And for several years while an undergraduate at Harvard University in the early 1980s, Blinken was also a newspaper columnist, opining in The Harvard Crimson on a wide range of foreign policy issues from the Philippines to Nicaragua, El Salvador, the Soviet Union — and Israel.
In a column published close to four decades ago titled “Israel’s Saving Grace,” Blinken wrote about the challenges facing Israel after the Sabra and Shatila massacre. Writing in September 1982, just a week after the event, Blinken proclaimed that “Israel is not, has never been, nor will ever be the irreproachable, perfectly moral state some of its supporters would like to see. Israelis are, after all, only human. Still, one pedestal the Jewish state can stand on — and stand on alone in the Middle East — is that of a democracy.” Blinken warned that a time may come for Israel in which “neglecting popularity becomes unsafe; support abroad dwindles, backing at home follows suit.”
Several months later, in a column titled “The Danger Within,” Blinken wrote again about the fallout of Sabra and Shatila. For years, he wrote, “Israelis were steadfast in their conviction that their country was on the proper course and had only done what was necessary to insure survival. Now, no one is really sure.”
Blinken wrote that Israel’s founding fathers believed “Israel had to remain on a moral pedestal, almost above reproach, in a constant search for perfection. It was an impossible dream, but one that has lasted until today. Now though, Israel with its political scandals, militarism and petty bickering, is showing signs of being no more of an ideal nation than any other democracy. Realistically, such an evolution was to be expected.”
Months earlier, during the initial outbreak of the First Lebanon War, Blinken wrote a column titled “Lebanon and the Facts,” in which he criticized some U.S. media for times when “anti-Israeli rhetoric becomes venomous, hateful.” He excoriated The Village Voice for comparing Israel’s invasion of Lebanon to the Nazis: “Such analogies are dead wrong and repugnant. The terrible waste of life and destruction notwithstanding, justification for the fight undertaken by Israel can be easily found.”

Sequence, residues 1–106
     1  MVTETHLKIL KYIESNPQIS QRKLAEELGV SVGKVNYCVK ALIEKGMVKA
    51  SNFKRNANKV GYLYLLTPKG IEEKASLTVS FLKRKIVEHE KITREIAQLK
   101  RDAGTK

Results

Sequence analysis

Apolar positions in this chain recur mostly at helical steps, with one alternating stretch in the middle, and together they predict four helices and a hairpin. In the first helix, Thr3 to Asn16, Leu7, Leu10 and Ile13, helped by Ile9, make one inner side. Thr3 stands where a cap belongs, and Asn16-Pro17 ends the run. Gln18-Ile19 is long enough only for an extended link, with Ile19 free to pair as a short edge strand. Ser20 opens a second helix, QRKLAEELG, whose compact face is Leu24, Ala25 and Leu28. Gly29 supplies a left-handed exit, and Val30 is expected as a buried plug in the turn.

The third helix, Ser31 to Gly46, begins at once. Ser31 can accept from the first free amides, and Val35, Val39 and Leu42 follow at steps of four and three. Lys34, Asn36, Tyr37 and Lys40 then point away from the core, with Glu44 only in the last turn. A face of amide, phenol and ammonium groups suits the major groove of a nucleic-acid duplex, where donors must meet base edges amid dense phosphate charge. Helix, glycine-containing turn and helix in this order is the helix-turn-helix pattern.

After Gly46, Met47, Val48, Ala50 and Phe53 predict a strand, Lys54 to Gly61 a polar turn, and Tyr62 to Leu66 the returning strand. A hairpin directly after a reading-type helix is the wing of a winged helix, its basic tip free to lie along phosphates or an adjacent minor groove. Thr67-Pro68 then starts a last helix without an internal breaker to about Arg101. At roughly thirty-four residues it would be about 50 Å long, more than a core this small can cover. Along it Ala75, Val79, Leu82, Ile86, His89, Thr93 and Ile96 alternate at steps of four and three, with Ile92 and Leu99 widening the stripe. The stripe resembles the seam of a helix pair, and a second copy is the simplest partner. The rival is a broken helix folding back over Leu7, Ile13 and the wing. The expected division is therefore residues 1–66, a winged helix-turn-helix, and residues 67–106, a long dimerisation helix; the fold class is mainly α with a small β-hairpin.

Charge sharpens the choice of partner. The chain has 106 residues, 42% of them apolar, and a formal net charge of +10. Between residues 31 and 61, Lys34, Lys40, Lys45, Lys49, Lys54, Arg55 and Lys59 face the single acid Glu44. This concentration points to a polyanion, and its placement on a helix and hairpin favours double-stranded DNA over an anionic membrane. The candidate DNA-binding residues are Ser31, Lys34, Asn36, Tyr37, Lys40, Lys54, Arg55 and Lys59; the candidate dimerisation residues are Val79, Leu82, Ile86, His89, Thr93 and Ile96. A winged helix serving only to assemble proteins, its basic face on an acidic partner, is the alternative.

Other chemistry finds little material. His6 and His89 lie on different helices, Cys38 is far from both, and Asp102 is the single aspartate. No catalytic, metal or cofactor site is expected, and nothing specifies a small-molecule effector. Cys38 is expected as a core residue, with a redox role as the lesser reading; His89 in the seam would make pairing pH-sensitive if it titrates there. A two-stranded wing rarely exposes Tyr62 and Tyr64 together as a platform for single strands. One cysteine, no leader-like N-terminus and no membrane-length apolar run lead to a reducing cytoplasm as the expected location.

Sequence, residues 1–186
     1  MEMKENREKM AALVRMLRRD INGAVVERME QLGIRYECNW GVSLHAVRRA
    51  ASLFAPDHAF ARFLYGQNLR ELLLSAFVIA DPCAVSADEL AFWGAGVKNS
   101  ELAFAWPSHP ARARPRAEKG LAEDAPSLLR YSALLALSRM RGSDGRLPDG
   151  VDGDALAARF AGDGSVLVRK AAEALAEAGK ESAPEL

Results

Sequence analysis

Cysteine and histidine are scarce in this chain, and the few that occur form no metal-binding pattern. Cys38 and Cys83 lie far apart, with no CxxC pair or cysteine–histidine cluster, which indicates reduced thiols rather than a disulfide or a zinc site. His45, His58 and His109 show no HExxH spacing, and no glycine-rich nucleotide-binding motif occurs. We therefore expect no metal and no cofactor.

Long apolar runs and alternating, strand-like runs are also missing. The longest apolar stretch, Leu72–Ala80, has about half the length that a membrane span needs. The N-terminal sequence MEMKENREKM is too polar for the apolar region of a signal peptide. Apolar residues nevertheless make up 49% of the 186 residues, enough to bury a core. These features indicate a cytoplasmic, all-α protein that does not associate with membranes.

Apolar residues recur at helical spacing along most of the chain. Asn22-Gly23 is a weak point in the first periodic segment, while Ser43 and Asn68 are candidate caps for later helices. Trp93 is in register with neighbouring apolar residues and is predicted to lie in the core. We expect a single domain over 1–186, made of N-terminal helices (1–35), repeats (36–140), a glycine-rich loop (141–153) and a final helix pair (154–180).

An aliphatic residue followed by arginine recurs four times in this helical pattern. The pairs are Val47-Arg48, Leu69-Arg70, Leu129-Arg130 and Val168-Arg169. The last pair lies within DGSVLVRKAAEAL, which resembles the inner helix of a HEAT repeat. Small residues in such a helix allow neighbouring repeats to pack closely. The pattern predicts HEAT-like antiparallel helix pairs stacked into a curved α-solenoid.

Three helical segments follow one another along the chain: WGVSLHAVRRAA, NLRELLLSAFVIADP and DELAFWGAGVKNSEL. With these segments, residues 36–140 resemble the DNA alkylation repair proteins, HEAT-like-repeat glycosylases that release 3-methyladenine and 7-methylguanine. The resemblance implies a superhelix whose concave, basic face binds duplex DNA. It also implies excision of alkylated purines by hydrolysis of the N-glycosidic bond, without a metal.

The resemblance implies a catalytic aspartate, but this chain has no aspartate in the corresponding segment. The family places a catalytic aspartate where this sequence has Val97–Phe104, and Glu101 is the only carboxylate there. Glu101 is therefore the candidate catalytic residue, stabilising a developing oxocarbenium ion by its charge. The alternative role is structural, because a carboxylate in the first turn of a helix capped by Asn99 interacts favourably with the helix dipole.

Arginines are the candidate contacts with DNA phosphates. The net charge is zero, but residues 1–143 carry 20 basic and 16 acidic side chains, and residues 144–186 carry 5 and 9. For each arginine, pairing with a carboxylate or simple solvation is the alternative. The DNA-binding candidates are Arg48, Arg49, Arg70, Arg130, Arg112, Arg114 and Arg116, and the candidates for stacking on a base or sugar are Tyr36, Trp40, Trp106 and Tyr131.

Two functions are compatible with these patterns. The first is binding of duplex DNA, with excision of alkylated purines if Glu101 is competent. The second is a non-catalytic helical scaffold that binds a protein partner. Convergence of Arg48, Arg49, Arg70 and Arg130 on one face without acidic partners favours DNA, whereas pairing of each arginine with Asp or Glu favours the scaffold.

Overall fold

In a column published in December 1982, called “Where It Hurts,” Blinken argued against attempts by the Reagan administration to prevent Congress from increasing aid to Israel in the aftermath of the First Lebanon War.
“It is pathetic that the Administration would gladly pressure Israel by withholding aid, but backs off implementing a similar policy in so many other countries,” Blinken wrote. “Maybe the so-called ‘Jewish Lobby’ on Capitol Hill isn’t as powerful as some would have us believe,” he added. “Next time, though, Reagan and Co. might use what intelligence they have to pick on some bad guys instead.”
In September 1982, Blinken weighed in on the terrorist attack that occurred a month earlier at a Jewish restaurant in Paris which killed six people. One alleged attacker was recently arrested in Norway and extradited to France earlier this month to stand trial.
In the column, titled “Mitterrand’s Struggle for Peace,” Blinken noted that then-French President François Mitterrand was a “devoted friend of Israel,” who “also believes a Palestinian homeland is both right and necessary.” Blinken quoted an advisor to Mitterrand as arguing in favor of maintaining “the PLO as a strictly political force.” Such a stance, Blinken wrote, is “a debatable position, but it’s certainly borne of good faith and realism, not anti-Semitism.”